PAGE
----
On Tuesday, Grandma came as Professor Sprout and taught Herbology.  She taught us how to make a fairy garden.  It came out so cute and will give the children hours of play this summer.  We planted herbs, moss and a strawberry plant.  Each child has an elf or fairy to play with in the garden.

On Wednesday, Tim took on the role of Hagrid and taught the kids a class called the Care of Magical Creatures.  He concentrated on teaching that dragons were invented to explain the many dinosaur fossils that were being found in the Middle Ages.  He then read to them Stone Girl, Bone Girl, which is a great book about Mary Anning (a fossil hunter in the early 1800's in England).  They looked at several more books about Mary Anning and dragons.  He showed them a few videos on YouTube about Komodo dragons (a kind of lizard).  Then he made dragon's breath with them. This is made by touching a 9 volt battery to steel wool.

Tim also is helping the kids hatch and raise sea monkeys.  They are so tiny right now that you cannot see them without a magnifying glass. However, they seem healthy and are swimming around a lot.

On Thursday, I taught the kids Transfiguration.  First, we defined transfiguration, defined as a complete change of form or appearance into a more beautiful or spiritual state.  We then changed little plastic capsules into sponges by placing them into water. This was a fun activity and was also our sensory bucket for the week.

We then pulled out our dinosaur plant and woke it up.  It can "sleep" for up to fifty years.  All you have to do is put it into water and lava rock and it will wake up and grow within minutes.  We have had this plant for about 12 years.  We take it out of the closet every two or three years and enjoy it for a few weeks before storing it away again.  Now, that is my kind of plant!  It will grow so big that it will overflow the bowl over the next few days.  However, it will shrink down to it's original size once it has no more water.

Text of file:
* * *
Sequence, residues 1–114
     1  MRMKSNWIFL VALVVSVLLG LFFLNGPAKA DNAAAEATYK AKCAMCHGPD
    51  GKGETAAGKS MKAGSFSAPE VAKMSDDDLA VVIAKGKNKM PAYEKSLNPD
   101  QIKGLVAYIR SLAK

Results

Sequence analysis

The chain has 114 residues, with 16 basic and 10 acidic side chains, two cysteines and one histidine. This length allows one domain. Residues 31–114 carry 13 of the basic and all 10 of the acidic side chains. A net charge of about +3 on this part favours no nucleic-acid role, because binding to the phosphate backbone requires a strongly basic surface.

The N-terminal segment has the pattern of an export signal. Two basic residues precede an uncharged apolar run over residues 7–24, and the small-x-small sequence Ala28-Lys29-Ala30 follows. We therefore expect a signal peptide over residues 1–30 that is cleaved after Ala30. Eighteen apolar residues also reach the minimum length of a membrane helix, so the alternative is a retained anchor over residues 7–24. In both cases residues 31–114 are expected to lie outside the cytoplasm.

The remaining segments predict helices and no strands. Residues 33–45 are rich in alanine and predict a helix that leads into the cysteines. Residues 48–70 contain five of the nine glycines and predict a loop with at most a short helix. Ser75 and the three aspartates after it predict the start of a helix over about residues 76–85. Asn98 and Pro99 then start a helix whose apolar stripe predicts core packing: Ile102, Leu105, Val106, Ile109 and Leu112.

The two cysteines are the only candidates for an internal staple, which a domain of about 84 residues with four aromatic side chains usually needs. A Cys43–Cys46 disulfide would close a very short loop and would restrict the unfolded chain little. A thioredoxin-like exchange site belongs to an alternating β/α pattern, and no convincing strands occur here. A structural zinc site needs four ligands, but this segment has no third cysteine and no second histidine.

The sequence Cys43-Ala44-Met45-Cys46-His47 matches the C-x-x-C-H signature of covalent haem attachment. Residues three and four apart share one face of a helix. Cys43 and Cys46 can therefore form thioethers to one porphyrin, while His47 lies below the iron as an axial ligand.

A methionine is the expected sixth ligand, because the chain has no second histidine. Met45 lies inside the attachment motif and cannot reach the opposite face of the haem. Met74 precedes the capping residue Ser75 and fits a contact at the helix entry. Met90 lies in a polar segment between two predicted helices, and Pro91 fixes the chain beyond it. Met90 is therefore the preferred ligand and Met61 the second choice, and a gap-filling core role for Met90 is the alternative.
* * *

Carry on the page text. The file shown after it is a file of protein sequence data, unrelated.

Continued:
We finished off transfiguration by going to a friend's house who has a microwave.  We do not own one.  We transformed a cake of Ivory soap into a cloud of soap.  This is so amazing to watch!  You put the Ivory soap on a plate in the microwave and set the timer for two minutes.  We had to do this experiment a few times with several cakes of soap so that everyone could stand in front of the microwave window to watch. 

We had a wonderful time in Potions class.  My husband pulled out several chemistry sets that we had saved from our oldest son's high school years. Here are some fun pictures of our discoveries.

I will be telling you more about our studies of England and Five in a Row (FIAR) book of the week in another post.  I am joining Homegrown Learners.  Okay!  

Blessings, Dawn


  1. Oh. What. Fun.